Hey, Bill, would you agree with me that HOF voters have spent a lot of time debating Jack Morris’ candidacy to the Hall and because of that they have overlooked more qualified candidates? I am talking about Tim Raines, Fred McGriff, Alan Trammell or Edgar Martinez. Look, I don’t believe that Morris belongs to the HOF, but who am I? Fact is, I have read every argument on behalf of Morris while I haven’t heard the bandwagon for more legitamate candidates. And when Jim Kaat or Tommy John were in the ballot, I didn’t felt the same passion in the arguments of their supporters…
The arguments about Morris are fueled by the other side, and we can’t do anything about it if they keep pouring gasoline on the fire. They have the right to do so. Traditionalists have come to see Jack Morris as “their” guy, who is being kept out of the Hall of Fame by us people over here. We’d like the discussion to move on, yes, but what are you going to do?
In 1956, every National League team had an outfielder of historic greatness on the team, ranging from among the best ever to the merely stellar. Let me lay it out: Giants - Mays, Dodgers - Snider, Braves - Aaron, Reds - Robinson, Pirates - Clemente, Cardinals - Musial, Phillies - Ashburn, Cubs - Monte Irvin. Was this a unique occurrence (the AL that year, for example, had only 3 outfielders who had top flight careers)? Is it something that has become more difficult to sustain as the number of teams have grown?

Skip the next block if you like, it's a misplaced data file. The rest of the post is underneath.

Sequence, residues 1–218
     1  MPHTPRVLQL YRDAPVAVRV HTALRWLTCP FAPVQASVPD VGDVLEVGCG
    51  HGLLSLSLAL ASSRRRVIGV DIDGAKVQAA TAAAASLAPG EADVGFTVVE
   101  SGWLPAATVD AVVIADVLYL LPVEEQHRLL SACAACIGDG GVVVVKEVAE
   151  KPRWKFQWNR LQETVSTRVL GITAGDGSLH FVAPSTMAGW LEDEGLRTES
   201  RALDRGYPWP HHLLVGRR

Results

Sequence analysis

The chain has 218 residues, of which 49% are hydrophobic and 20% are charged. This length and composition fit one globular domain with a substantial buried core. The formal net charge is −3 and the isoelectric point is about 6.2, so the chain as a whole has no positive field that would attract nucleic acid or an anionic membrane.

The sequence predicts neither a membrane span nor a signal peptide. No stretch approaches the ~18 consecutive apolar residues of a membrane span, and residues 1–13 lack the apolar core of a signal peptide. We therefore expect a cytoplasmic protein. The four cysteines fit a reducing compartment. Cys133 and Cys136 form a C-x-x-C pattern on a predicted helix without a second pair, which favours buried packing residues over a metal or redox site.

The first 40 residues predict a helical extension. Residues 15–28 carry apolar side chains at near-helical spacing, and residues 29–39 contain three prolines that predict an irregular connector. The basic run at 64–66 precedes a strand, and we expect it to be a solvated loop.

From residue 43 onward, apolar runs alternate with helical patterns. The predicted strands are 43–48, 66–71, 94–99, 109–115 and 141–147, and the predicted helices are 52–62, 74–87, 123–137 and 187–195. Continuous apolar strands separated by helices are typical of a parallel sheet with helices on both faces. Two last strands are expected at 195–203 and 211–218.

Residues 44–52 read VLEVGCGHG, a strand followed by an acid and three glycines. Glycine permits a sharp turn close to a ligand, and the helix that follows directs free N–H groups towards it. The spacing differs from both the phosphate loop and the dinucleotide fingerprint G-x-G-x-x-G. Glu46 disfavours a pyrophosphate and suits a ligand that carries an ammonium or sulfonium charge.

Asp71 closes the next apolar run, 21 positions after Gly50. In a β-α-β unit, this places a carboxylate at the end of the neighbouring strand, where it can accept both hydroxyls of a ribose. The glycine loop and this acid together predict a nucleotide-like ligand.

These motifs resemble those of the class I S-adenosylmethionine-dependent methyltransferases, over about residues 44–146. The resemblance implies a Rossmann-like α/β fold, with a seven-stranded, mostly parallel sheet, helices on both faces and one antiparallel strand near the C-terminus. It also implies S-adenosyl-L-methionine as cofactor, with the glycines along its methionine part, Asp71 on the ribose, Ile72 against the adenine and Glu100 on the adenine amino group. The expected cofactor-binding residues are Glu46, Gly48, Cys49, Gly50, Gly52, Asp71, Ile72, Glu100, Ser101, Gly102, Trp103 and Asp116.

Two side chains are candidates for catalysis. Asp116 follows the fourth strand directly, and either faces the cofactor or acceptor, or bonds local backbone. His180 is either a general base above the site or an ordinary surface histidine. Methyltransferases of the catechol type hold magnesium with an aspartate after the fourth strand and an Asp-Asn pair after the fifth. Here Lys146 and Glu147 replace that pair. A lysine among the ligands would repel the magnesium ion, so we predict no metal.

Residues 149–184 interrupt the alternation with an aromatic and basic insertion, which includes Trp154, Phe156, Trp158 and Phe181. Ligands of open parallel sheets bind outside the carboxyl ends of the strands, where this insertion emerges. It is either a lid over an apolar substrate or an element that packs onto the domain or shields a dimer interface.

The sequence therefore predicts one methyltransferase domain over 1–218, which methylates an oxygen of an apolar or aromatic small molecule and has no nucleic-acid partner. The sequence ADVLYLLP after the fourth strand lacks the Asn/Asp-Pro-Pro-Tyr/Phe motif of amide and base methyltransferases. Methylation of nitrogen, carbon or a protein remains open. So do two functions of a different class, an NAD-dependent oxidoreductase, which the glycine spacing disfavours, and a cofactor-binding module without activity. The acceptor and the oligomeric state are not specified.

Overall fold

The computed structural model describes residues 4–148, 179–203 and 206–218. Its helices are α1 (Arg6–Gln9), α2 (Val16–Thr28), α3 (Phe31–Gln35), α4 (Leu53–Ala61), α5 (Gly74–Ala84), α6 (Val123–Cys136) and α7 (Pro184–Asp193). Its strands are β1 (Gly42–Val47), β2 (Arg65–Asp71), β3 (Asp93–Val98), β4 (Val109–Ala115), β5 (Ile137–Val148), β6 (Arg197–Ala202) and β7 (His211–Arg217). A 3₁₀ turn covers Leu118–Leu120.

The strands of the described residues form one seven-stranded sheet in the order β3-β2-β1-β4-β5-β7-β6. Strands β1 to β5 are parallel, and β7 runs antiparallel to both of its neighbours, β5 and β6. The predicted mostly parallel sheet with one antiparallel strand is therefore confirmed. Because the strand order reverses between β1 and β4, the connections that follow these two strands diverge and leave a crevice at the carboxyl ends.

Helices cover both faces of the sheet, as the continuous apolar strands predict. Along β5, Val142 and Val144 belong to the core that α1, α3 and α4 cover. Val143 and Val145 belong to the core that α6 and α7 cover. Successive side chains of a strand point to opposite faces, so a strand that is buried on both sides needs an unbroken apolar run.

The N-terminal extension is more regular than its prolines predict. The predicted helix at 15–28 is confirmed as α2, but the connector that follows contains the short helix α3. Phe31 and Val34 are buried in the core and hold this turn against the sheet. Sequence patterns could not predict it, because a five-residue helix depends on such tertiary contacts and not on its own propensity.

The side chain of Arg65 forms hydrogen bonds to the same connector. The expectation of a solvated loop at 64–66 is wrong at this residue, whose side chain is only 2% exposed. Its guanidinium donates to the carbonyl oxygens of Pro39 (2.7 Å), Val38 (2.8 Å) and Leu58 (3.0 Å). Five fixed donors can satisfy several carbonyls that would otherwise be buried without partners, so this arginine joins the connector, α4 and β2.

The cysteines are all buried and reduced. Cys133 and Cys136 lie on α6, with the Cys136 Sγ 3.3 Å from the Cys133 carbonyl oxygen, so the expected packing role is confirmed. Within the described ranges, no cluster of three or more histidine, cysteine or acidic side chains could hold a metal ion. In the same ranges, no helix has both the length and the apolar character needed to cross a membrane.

Are you saying that Bob Cerv is not a player of historic stature? Pretty interesting. I would think it was historically unique, but. . who knows?
Hey, bill. For something I’m working on, I noticed that the rate of hit batters per game (per team) in MLB is now about 0.35—one hit batter per team every three games, roughly. As recently as 1980, it was 0.14, or one every 7 games. The last time the rate of hit batters was this high was in 1910. (Data from Baseball Reference.) Is this something we should be more worried about than we apparently are? (I’ll admit it worries me.)
I hadn’t looked at it in a few years. It’s related to the increase in strikeouts. If you’re trying to hit homers—and EVERYBODY now is trying to hit homers—one of the things you do is crowd the plate to increase your pull zone. One of the things that could (and probably should) be done to reduce homers is to move the hitters off the plate an inch or two.
Hey, Bill- Am I right to recall that you once questioned whether athletes who are represented by agents should also be able to form a union? If not, I apologize for the misattribution. But if so, I was hoping you could elaborate some on that. I applaud the work unions have done to by and large improve the work conditions for athletes, notably the MLBPA under Marvin Miller. But is this form of dual representation still a good idea? It seems like they can work at cross-purposes, in that what individual agents seek for their players can be hampered by membership in a union that includes both, e.g., Mike Trout and 12-year journeymen—and vice versa. Anyhow, I don’t have any strong views on the issue, but just note that it seems like an odd arrangement, and one that is only prevalent in sports and entertainment (SAG vs. the William Morris Agency, e.g.). Thanks.
Yes, it is my opinion that dual representation by an agent and a union is. . ..an odd situation presenting some issues about what is appropriate. I don’t know that I want to elaborate on it. MAYBE it’s appropriate; I just have some questions about it.